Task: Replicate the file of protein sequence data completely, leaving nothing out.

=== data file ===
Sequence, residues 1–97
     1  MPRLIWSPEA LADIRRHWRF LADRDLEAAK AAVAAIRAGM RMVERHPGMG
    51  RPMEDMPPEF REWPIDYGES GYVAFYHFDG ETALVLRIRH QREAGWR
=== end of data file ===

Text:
Sequence, residues 1–97
     1  MPRLIWSPEA LADIRRHWRF LADRDLEAAK AAVAAIRAGM RMVERHPGMG
    51  RPMEDMPPEF REWPIDYGES GYVAFYHFDG ETALVLRIRH QREAGWR